Russ Womack has been writing and editing for 20 years, covering all genres of works, including a wide variety of health-related topics. He currently contributes to writing articles for Regain. With a lifelong passion to address and educate the world on what mental health is, and a strong desire to remove the stigmas that the world places on mental health, he tirelessly researches and writes in an effort to eradicate the misconceptions, and to help others who are going through difficult times.
Russ is also a published author, specifically mental health-related novels. His first novel was written 37 years after his mom committed suicide when Russ was only 12 years old. Growing up in a tumultuous household with a mom who was institutionalized when Russ was 2 years old fostered a strong desire for Russ in his later years to research to understand his questions about mental health. That journey, although painful and vulnerable, gave Russ an unparalleled compassion for those who feel undeserving and unloved. Writing, editing, and giving speaking engagements on various topics of mental health has given Russ a purpose for the heartbreaking childhood he endured. He now takes the painful memories and transforms them into something healing and beautiful.
Prior to writing and editing on a fulltime basis, he worked for several companies in the healthcare and government industries while writing and editing on the side. Desiring to have more quality time with his kids and a dream to dedicate 100% effort into writing and editing, he decided to enter the world of freelancing. Through this, he has fulfilled his passion of helping others, fostering relationships, and encouraging those who feel they’re alone and misunderstood.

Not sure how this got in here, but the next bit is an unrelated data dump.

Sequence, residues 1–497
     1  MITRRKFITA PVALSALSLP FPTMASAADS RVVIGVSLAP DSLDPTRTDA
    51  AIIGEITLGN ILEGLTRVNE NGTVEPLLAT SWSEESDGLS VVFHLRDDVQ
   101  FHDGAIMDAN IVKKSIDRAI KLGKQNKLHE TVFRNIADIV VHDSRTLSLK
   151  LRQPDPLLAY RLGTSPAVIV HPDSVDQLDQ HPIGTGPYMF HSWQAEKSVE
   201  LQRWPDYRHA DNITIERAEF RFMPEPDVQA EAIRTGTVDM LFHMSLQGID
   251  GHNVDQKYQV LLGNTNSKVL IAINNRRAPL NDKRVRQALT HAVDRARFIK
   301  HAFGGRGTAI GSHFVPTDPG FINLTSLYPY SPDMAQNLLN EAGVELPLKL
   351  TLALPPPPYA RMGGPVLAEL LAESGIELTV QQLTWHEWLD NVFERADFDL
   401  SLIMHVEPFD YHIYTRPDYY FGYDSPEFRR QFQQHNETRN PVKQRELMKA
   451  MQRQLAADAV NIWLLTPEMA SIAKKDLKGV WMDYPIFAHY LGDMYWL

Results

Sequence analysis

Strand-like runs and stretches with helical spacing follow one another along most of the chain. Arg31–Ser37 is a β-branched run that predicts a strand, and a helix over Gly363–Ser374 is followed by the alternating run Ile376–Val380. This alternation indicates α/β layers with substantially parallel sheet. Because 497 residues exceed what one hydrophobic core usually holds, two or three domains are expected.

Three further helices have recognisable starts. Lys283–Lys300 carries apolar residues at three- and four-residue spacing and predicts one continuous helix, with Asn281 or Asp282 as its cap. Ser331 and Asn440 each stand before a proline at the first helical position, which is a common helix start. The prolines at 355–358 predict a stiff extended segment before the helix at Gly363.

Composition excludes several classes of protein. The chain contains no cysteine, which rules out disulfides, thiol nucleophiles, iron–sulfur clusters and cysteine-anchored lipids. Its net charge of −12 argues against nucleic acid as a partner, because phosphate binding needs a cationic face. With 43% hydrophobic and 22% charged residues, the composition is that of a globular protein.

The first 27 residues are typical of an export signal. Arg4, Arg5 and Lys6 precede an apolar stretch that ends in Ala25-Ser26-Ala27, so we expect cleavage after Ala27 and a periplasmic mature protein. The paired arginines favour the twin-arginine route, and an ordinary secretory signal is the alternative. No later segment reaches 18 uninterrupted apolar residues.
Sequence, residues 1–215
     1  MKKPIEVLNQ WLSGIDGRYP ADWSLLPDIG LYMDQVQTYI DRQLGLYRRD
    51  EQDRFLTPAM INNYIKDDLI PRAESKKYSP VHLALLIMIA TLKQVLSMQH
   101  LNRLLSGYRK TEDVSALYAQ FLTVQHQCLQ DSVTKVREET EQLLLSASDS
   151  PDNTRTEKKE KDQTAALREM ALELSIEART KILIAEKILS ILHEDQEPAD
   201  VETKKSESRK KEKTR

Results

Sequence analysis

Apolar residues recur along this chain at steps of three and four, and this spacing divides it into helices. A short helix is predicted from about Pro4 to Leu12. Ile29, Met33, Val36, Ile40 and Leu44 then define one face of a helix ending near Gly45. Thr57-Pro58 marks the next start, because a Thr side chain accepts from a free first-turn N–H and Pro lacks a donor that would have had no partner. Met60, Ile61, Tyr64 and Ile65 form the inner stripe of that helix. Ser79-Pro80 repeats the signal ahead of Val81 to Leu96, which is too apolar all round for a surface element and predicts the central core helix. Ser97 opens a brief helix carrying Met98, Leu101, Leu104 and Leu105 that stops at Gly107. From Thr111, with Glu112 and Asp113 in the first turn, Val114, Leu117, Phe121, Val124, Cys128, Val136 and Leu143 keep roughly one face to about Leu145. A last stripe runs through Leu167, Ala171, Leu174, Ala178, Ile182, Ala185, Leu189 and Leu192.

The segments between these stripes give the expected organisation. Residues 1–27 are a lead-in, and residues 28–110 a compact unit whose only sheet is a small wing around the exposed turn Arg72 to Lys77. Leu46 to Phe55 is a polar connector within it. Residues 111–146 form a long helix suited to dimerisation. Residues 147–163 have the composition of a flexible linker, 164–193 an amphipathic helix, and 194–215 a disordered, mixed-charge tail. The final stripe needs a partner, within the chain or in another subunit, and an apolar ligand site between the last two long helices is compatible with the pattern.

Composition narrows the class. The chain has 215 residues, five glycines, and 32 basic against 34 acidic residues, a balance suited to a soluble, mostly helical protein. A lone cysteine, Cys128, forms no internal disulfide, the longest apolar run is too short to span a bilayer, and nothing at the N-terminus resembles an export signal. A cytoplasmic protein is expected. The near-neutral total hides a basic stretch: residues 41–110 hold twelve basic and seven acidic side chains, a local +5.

Russ Womack holds a degree of Bachelor of Arts in English (Writing Option) from California State University, Northridge, and a Bachelor of Arts in Theology from Life Christian University. He plans to continue with his education by working toward a PhD in Theology.
"My Philosophy on Mental Health & Wellness"
Everyone is susceptible to experiencing mental health issues at some point in their life. One tragedy can drain a person of all hope. If we place conditions and stigmas upon the hurting, it only reinforces the shame and guilt they feel. We need to be graceful in our approach, loving in our words, and objective in our hearts, whether we understand mental health or not. We need to replace judgment with compassion, and talking to them with listening. This is where wellness flows and healing shines—in a safe place that is absent of condemnation or judgment, and filled with patience, love, and grace.